The Sunday Times Tax List 2020 was released earlier this year outlining those who are paying the highest taxes in the UK. But of that list, how many of them are entrepreneurs? If you want to know the answer, you’ve come to the right place!
As a whole, the list is compiled of investors, self-made entrepreneurs, noblemen and women, media giants and other creatives, as well as those who have inherited wealth from family. It’s a real mixed bunch! Having sifted through the list, we’ve compiled the data and created a new list - Britain’s entrepreneurs who paid the highest taxes in 2019! Keep reading to see who made the cut into the top 10…
At the top of the list, Denise Coates and family’s tax liability was £276m on a wealth of £6,856m. Coates’s bill appears to be driven by her willingness to stay in the UK and by running her own salary of £276.6m through PAYE, making it liable for nearly £130m of income tax and NI. The family’s share of the business’s corporation and payroll taxes adds up to £113.2m.
It’s well-known that Sir James Dyson is about to move his business empire to Singapore. Dyson paid £103m tax on a wealth of £12,600m, although his move is likely to cost the UK in future tax income.
Tom Morris is founder of the Home Bargains discount chain; he and family paid £48.9m of corporation tax in 2018-19, plus a further £14.2m of other business taxes. A genuine family business, Morris’s brother is COO and three more of his six brothers are also understood to work for the business. They took a £10m dividend incurring £3.8m of tax, and the ST report also includes almost £450,000 tax on salaries.
The airline carrier is still 33.73% owned by larger-than-life figure Stelios and his family. Despite the recent woes of the aviation business, it paid £72m corporation tax and £95m social security costs in 2018-19; some £56.3m of this likely to be paid directly by Haji-Ioannou and family, according to the Sunday Times report.
Mike Ashley used to be a sports coach, and he’s used that disciplined and competitive nature to buy up high street businesses that he sees as needing a pep talk. He owns 61% of Sports Direct, renamed Frasers Group. The report allocated £54.8m of £89.8m of corporation and payroll taxes to Ashley personally.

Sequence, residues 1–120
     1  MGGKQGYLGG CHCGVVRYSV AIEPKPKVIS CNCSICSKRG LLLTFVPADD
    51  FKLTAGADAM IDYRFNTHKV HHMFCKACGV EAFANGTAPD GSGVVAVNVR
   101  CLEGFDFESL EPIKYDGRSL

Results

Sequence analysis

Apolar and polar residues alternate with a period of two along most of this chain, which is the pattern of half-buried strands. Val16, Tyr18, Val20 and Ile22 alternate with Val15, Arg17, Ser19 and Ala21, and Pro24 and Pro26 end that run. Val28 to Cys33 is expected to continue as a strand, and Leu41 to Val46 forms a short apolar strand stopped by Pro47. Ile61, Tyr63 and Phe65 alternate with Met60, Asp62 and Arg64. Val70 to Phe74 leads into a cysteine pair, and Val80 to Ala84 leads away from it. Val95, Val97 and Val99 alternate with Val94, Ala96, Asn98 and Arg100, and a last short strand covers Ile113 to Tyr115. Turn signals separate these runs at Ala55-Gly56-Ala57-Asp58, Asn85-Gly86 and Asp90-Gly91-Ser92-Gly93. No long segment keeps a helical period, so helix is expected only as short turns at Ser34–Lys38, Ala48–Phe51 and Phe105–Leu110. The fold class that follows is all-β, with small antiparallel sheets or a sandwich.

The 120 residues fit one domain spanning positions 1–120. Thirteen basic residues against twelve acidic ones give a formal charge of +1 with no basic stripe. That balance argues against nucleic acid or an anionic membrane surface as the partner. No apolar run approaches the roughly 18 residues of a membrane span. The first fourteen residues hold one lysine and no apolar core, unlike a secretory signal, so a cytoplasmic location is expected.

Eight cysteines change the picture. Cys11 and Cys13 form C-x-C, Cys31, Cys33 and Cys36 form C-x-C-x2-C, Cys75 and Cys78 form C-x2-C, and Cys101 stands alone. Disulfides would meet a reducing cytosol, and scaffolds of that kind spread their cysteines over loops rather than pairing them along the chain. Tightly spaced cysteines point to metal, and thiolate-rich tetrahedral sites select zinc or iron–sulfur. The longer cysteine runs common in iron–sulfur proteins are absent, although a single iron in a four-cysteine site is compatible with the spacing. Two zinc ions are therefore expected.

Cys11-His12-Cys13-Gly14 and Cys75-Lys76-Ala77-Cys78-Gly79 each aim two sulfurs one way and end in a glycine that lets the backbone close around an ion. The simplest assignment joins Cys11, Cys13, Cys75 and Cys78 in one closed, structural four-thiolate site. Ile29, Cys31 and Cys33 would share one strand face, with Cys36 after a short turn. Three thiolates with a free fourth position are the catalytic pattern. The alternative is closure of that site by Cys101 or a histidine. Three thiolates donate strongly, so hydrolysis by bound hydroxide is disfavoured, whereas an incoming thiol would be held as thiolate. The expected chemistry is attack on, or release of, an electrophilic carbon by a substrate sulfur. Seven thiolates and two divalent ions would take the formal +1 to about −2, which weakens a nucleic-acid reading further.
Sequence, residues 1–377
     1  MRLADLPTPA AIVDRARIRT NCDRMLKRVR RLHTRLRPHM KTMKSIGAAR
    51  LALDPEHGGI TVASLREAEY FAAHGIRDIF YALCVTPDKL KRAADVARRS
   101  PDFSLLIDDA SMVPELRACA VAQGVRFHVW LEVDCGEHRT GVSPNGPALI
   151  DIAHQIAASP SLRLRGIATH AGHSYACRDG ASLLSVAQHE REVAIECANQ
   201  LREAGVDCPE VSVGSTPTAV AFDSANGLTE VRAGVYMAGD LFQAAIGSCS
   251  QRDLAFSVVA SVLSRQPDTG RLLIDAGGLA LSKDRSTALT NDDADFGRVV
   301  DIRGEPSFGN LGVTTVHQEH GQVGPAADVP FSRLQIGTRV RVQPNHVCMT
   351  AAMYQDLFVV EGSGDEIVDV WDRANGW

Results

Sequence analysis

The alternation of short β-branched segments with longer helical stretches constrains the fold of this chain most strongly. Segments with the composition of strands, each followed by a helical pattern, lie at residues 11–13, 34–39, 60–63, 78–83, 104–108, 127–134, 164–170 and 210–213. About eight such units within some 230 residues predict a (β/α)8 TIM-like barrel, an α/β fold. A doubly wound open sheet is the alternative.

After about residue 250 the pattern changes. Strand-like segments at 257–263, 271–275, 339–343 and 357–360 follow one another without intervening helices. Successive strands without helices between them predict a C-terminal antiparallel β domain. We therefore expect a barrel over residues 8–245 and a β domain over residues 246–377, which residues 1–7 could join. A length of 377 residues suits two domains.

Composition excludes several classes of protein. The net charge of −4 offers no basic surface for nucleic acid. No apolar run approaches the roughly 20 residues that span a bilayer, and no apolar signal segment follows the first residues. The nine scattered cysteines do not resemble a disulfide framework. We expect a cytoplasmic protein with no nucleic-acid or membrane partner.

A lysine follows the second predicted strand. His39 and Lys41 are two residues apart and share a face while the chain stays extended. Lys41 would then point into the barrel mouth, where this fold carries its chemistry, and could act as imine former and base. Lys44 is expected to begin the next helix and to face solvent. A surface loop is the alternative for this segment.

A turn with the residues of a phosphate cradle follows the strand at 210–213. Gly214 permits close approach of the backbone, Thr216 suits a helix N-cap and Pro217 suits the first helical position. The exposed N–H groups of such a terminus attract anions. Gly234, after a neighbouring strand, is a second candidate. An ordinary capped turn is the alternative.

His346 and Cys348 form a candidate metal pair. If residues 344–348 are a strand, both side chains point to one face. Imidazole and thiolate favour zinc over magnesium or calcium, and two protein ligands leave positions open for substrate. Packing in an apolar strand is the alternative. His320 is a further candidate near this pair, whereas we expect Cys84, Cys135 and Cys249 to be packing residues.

The Boparans now own the Bernard Matthews business, where business is bootiful as one in three poultry products eaten in the UK is supplied by them. They took no dividends after difficulties with the restaurant side of the business, but the two interests combined had a net contribution of £5m corporation tax and £48m of payroll taxes.
John Bloor helped make Triumph motorbikes a roaring success after establishing his own construction business in the late 1960s. Last year Bloor was liable for £48.4m of UK business taxes and the Sunday Times also calculates his £8.7m dividend as incurring £3.3m of tax.
Peter Harris and family own 42.9% of Bourne Leisure, which runs Warner Leisure Hotels and Haven Holidays. They also own 71.8% of Spreadex.com, making them the second of three betting business owners on the list. Tax liabilities include £48.2m of corporation and payroll taxes for Bourne.
At number 9 on the list, finance professional Hargreaves has a huge wealth of £3,046m but manages to keep his tax bill down to £44.8m. Hargreaves paid £21.5m of the firm’s £66.7m corporation tax and payroll taxes (he owns 32.16%). Tax on nearly £61.3m of dividends in the same year adds £23.3m to this.
You’d get good odds on finding another gambling operator on the list, and the top ten is rounded off by Fred and Peter Done: founders of Betfred. Fred’s the bookie, and Peter’s the legal and insurance mind. Their combined tax liabilities in 2018-19 were £23m and on their £56.6m of dividends they paid £21.5m tax.
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